February 10, 2015

Time and Again

In the 1600s, a man invented the pendulum clock and permanently eradicated confusion when one human being asked another, "What time shall we meet?" Henceforth, there are so many fun ways to respond: 10:10, quarter 'til 7, midnight, half past 4, at the top of the hour, in 20 minutes, high noon, eighteen hundred hours soldier! When a little less precision is necessary, our good friend Pope Gregory XIII hooked us up with an awesome calendar, so that two parties can easily agree on the date they will meet (August 12th). Over time, people and their governments have found other nifty ways to let us say a specific date without using any months or numbers: New Year's, Veterans, Bastille, Independence, Labor, Memorial, Boxing, Thanksgiving, Christmas Days, for example. There really is no reason nor excuse for obfuscation. The witches' answer to "When shall we three meet again?" is actually easy: Tuesday, February 10, 2015 at 6:45pm. Just about everyone on planet earth could understand that.

Except, of course, the French. Even though I have tried to eliminate it from my vocabulary, I still ask, "What time?" or "When?" with regularity. And my Burgundy friends calmly, coolly, and consistently foil my efforts to get a precise answer.

Let's list some of the possible answers (not necessarily in increasing levels of difficulty):

  • "Come over at the fin de la matinée." I generally get end of the morning: before noon, after 11:00. But is 11:15 too early? 11:45 too late? When this order is coupled with an expectation of alcohol, mass confusion can result. See: "Come over for apéritif."
  • Recently, I dropped my son off for a play date at a friend's house at 2:00pm. I asked the mother what time my wife should come back to pick him up. "Fin de l'après-midi." Ok, end of the afternoon. I started to walk away and then wheeled around on one heel saying, "Actually, to my American ears, I have no idea what that means. 3:30? 4:30?" She laughed and said, "How about 5:30? That way we can have a coffee together." For once, bizarro French time constructs were working in our favor. You want our four year old until 5:30? Take him.
  • "Come over for apéritif." As a college graduate, I have some experience with cocktails, and am generally game for coming over for them. But my USA-ness is hard to shake. Nobody invites anyone over for cocktails before 5pm in the Land of the Free (brunch bloodies potentially excluded). So when I hear "come over en fin de la matinée pour prendre l'apéritif," I confess to being boggled. If I am going to be offered booze -- including whiskey, wine, or homemade moonshine -- in the morning, I would prefer to push it to 11:59am. However, everyone here eats at midi, or noon, so if you show up one minute before twelve, you risk disrupting them as they shuffle to the table for lunch. However, of course, midi is a term that could very well designate 12:30, 1:00pm, or even 2:15pm. It's a hazardous guessing game. In the evening, this invitation means, generally, between 6:30 and 7:00pm and it can last anywhere from 1 to 7 hours.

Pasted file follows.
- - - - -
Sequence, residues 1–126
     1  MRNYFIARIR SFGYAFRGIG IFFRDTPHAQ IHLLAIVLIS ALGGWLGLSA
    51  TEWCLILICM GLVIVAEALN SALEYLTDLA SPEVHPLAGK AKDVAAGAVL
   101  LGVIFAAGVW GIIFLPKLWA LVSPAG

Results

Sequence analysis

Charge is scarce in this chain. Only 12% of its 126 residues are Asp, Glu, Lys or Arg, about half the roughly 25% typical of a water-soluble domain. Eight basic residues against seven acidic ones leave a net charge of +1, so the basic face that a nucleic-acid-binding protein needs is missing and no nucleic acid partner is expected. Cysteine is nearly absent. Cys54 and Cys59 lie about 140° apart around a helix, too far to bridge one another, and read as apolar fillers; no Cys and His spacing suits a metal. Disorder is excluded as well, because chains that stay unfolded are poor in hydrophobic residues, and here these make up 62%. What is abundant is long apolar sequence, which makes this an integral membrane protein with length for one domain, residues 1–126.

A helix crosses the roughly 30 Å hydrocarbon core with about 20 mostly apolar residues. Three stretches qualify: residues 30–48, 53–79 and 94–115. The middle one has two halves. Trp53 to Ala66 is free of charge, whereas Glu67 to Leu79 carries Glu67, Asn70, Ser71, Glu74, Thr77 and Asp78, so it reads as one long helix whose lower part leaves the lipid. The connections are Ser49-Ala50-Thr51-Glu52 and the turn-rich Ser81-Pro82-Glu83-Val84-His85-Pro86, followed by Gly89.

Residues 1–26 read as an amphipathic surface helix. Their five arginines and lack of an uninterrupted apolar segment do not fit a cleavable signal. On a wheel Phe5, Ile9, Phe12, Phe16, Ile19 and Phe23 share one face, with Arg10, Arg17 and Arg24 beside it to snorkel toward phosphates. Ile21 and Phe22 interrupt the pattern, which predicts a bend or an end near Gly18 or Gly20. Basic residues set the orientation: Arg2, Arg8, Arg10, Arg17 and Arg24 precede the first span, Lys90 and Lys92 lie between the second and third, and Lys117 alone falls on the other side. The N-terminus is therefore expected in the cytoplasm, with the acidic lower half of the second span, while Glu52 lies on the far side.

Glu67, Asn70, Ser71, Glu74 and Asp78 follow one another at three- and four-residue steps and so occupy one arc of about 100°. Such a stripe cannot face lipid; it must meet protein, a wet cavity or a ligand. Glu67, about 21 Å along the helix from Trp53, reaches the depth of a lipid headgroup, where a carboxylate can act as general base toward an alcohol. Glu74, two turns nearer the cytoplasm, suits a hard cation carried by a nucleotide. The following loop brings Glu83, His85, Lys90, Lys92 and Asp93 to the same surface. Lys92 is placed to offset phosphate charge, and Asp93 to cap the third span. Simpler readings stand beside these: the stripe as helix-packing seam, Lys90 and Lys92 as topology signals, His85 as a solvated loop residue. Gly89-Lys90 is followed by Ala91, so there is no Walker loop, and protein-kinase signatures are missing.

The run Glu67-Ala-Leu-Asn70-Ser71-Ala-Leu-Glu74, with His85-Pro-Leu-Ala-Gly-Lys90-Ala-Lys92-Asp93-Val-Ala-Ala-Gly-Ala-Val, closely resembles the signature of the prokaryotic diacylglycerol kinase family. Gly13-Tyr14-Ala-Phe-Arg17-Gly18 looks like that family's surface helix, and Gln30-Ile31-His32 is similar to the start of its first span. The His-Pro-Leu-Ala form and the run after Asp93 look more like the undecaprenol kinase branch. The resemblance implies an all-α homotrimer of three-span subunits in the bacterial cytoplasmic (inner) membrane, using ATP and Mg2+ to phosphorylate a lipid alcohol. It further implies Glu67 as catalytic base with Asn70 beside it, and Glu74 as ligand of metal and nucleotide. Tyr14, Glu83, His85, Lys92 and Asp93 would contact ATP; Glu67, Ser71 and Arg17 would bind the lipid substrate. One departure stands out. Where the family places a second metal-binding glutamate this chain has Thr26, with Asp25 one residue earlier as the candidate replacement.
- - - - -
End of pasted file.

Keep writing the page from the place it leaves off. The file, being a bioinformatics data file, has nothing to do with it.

• Today a got a double-dip in a voicemail: "We should get together un de ces quatre" and "let's try to see each other en fin de semaine." It's Tuesday, and my correspondent thinks we should see each other "one of these four days" and/or "at the week's end." How do I schedule "one of these days/end of the week"? Thursday morning is too soon...but what about Thursday afternoon? And if we are talking about "one of these four days" literally, well, we're into the weekend. That cannot be right.
  • "Oh, my son and his family are coming to spend huit jours with me." So they will be spending one full seven-day week, plus one additional day? Wrong. "Not sure. They will figure it out when they get here. Could be three days or three weeks."
  • On Saturday, February 7, a man said to me, "See you in quinze jours." 15 days. In fact, we were scheduled to meet on Sunday, February 15, precisely huit jours away. As usual, in the face of incontrovertible evidence, France was right and I was wrong. 
  • Both huit and quinze jours are in the laborer's Hall of Fame. Plumbers, tilers, electricians, mechanics, farmers, and, mostly, public servants employ these terms with great regularity as a defense mechanism. It allows them to not work for an unspecified period of time, yet also gets the hopes up of the foreigner in front of them. "We'll look at that again in quinze jours," they will say, and, despite myself, I circle the date 15 days away. When will I learn?
  • "Snail season lasts from July 1 until Easter." What a great juxtaposition of specific and vague! Easter changes every year; that cannot be the law of the land. Just don't tell my friend that.
Nowadays, I am starting to get the hang of it. Éventuellement rolls of my tongue pretty easily. Soon, I'll invite someone over without uttering a number. When do I expect to be a master? Before too long. 

No comments:

Post a Comment